Discuss roles and responsibilities.  Roles typically change during the deployment.  Will everything return to the pre-deployment routine?  Who will balance the checkbook?  Who will pick up the kids after school?  Who will mow the yard?  Perhaps the kids have been fixing dinner on Friday night for the last 5 months and they enjoy the challenge.  What will normal family life look like now that your soldier is home?  Now is the time to discuss what is best for the family.

Be patient and tolerant with your spouse.  New experiences during a deployment may bring changes to your hero’s attitude and outlook.  The parent who stayed home may also have a short fuse from being the “only adult” at home.  Remember Ephesians 5:1-2, “Be imitators of God, as beloved children; and walk in love, just as Christ also loved you . . . .”  Challenges will arise, but continue to show grace and compassion toward each other.

You just spent a year apart, now is the time to enjoy togetherness.  Get off the computer.  Put down your phone.  Go out.  Talk.  Make time for each other.  Celebrate the gift God has given you.

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Found a great article on the struggles of marriage that will speak to every military couple.  She does a great job of sharing practical tips and reinforces the fact that being a Christian does not exempt you from marital problems.

Hats off to Elisabeth K. Corcoran for the excellent advice.  Enjoy the article.

In a Difficult Marriage? | Kyria.

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Chaplains are pretty busy during Annual Training season in the National Guard.  Tuesday I gave another suicide prevention class.  It’s a requirement that Soldiers get the presentation at least once a year.  The training focuses on the magnitude of the problem, how common issues can drive anyone to the point of despair, and that everyone can watch out for your battle buddy.

While many try to pin the Army suicide issue on multiple deployments, the majority of issues that drive people to suicide are common issues:  failed relationships, financial difficulty, and legal woes.  These are typical factors that we see in the civilian population, at schools, in factories, and even in the church.  PTSD is a factor in military suicide, but it is not the top issue that Time magazine or other media outlets want you to believe.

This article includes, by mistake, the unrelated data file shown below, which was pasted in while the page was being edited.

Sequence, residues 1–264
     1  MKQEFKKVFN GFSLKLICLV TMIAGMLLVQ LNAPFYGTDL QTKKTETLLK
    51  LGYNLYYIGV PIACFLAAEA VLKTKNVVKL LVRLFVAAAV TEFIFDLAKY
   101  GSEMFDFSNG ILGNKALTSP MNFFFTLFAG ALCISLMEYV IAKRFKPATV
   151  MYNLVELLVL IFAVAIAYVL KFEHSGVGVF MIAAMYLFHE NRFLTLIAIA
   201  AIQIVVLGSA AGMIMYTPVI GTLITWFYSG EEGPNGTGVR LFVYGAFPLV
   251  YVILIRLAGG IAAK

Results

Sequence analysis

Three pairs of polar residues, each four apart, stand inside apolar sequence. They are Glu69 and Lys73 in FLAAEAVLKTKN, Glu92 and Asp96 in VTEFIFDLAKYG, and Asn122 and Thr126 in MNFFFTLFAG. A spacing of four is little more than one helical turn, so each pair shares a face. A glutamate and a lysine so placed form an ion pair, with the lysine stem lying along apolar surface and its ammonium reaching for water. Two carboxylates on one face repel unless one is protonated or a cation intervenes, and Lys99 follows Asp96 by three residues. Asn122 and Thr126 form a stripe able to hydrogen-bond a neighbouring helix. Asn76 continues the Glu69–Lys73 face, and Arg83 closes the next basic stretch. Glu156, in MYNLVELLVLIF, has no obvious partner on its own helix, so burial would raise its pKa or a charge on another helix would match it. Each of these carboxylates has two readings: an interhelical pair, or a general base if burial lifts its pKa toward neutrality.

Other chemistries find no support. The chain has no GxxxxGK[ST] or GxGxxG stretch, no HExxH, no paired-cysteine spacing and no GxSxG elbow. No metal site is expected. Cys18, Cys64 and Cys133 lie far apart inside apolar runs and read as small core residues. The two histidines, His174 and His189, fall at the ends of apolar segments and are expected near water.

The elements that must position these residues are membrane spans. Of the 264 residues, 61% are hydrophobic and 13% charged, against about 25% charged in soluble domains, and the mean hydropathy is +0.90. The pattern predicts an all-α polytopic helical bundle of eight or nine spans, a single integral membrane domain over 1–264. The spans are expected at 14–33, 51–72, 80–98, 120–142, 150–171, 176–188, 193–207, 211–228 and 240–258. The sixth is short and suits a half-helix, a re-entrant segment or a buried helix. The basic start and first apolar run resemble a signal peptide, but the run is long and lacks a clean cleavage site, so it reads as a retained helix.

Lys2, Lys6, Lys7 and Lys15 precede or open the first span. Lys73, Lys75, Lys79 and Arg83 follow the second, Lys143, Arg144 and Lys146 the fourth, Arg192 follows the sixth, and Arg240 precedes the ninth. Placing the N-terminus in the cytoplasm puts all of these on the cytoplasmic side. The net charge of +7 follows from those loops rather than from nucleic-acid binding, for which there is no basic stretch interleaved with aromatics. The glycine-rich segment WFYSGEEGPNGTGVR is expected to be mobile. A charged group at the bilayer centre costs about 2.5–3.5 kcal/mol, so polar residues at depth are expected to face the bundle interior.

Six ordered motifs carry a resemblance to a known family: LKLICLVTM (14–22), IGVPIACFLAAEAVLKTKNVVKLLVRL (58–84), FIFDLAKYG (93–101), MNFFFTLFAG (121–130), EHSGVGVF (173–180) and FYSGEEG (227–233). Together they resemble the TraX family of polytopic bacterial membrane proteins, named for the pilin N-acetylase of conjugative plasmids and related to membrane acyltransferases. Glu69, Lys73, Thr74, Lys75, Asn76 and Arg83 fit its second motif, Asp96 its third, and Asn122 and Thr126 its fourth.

The fundamental issue to remember is that everyone can save a life.  You probably survived a breakup, be it in high school, college, or at work.  You probably understand what it is like to bounce a check or have a tough time making your paycheck last the entire month.  We are all in the same boat.  We all have the life experience necessary to help people at risk of suicide.

Remember and apply ACE: Ask, Care, Escort.

If you believe that someone is at risk of suicide, ask him/her about the problem.  Find out what is going on in the person’s life.  Directly ask if he/she is thinking about suicide.  Care by listening to the issue.  Find out what is causing the pain and suffering.  Why is the Soldier upset?  Finally, escort the Soldier to a resource.  That can be a chaplain, a medic, a counselor, an NCO, a friend, or a family member.

Don’t leave the person alone.  Make sure that he or she gets help.  It is okay to call a suicide hotline or wake up a supervisor, just don’t ignore the warning signs.

You don’t have to be a mental health counselor to apply ACE.  You don’t have to be an expert.  But you can practice these basic steps in suicide first aid.  Do your part to reduce suicide and help your friends.

If you need immediate assistance these suicide hot lines are always available:

Military One Source – 1.877.995.5247 or National Suicide Prevention Lifeline – 1.800.273.TALK (8255).

 

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As a pastor and a military chaplain I am asked to perform a flurry of weddings each year.  It is absolutely wonderful when a couple wants to tie the knot.  I want them to have a strong and beneficial marriage.  That is why I require a minimum of four marriage counseling sessions before the big day.

Some couples fall into the trap of spending more time planning the wedding than their married life together.  A wedding ceremony can last 20-45 minutes, but the marriage is intended to last for the rest of their lives.  In an age when 50% of marriages end in divorce, couples need to build a solid foundation for their marriage to succeed.  Making time to strengthen your relationship before you tie the knot, will help it stay tied.

Pre-marital counseling has some distinct benefits for couples.  Here are a few reasons you should get marriage counseling before the wedding bells chime:

1.  Strengthen communication skills

You can learn how to listen to your spouse and speak effectively with each other.  This does not happen by accident.  It will take time, effort, and practice.  While better communication skills may seem like a catch phrase, couples who learn the skills can resolve issues more quickly and avoid serious fights.

2.  Discuss roles and expectations